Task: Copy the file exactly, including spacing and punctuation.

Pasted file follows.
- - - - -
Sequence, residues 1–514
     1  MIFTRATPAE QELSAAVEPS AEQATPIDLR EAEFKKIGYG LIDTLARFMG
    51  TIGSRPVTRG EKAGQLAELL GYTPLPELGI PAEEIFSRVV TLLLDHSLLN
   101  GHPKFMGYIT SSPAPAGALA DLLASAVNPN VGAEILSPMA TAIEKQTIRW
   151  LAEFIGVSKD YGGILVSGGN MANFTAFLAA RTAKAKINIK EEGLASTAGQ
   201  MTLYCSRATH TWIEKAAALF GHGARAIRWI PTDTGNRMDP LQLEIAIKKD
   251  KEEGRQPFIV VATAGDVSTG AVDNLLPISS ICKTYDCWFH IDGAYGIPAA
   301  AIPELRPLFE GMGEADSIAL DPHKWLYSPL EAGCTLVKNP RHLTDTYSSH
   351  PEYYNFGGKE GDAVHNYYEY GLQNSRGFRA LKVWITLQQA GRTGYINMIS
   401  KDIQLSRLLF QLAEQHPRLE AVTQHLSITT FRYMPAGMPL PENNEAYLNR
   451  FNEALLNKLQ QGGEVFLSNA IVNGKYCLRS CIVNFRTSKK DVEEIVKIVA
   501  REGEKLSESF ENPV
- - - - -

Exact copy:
Sequence, residues 1–514
     1  MIFTRATPAE QELSAAVEPS AEQATPIDLR EAEFKKIGYG LIDTLARFMG
    51  TIGSRPVTRG EKAGQLAELL GYTPLPELGI PAEEIFSRVV TLLLDHSLLN
   101  GHPKFMGYIT SSPAPAGALA DLLASAVNPN VGAEILSPMA TAIEKQTIRW
   151  LAEFIGVSKD YGGILVSGGN MANFTAFLAA RTAKAKINIK EEGLASTAGQ
   201  MTLYCSRATH TWIEKAAALF GHGARAIRWI PTDTGNRMDP LQLEIAIKKD
   251  KEEGRQPFIV VATAGDVSTG AVDNLLPISS ICKTYDCWFH IDGAYGIPAA
   301  AIPELRPLFE GMGEADSIAL DPHKWLYSPL EAGCTLVKNP RHLTDTYSSH
   351  PEYYNFGGKE GDAVHNYYEY GLQNSRGFRA LKVWITLQQA GRTGYINMIS
   401  KDIQLSRLLF QLAEQHPRLE AVTQHLSITT FRYMPAGMPL PENNEAYLNR
   451  FNEALLNKLQ QGGEVFLSNA IVNGKYCLRS CIVNFRTSKK DVEEIVKIVA
   501  REGEKLSESF ENPV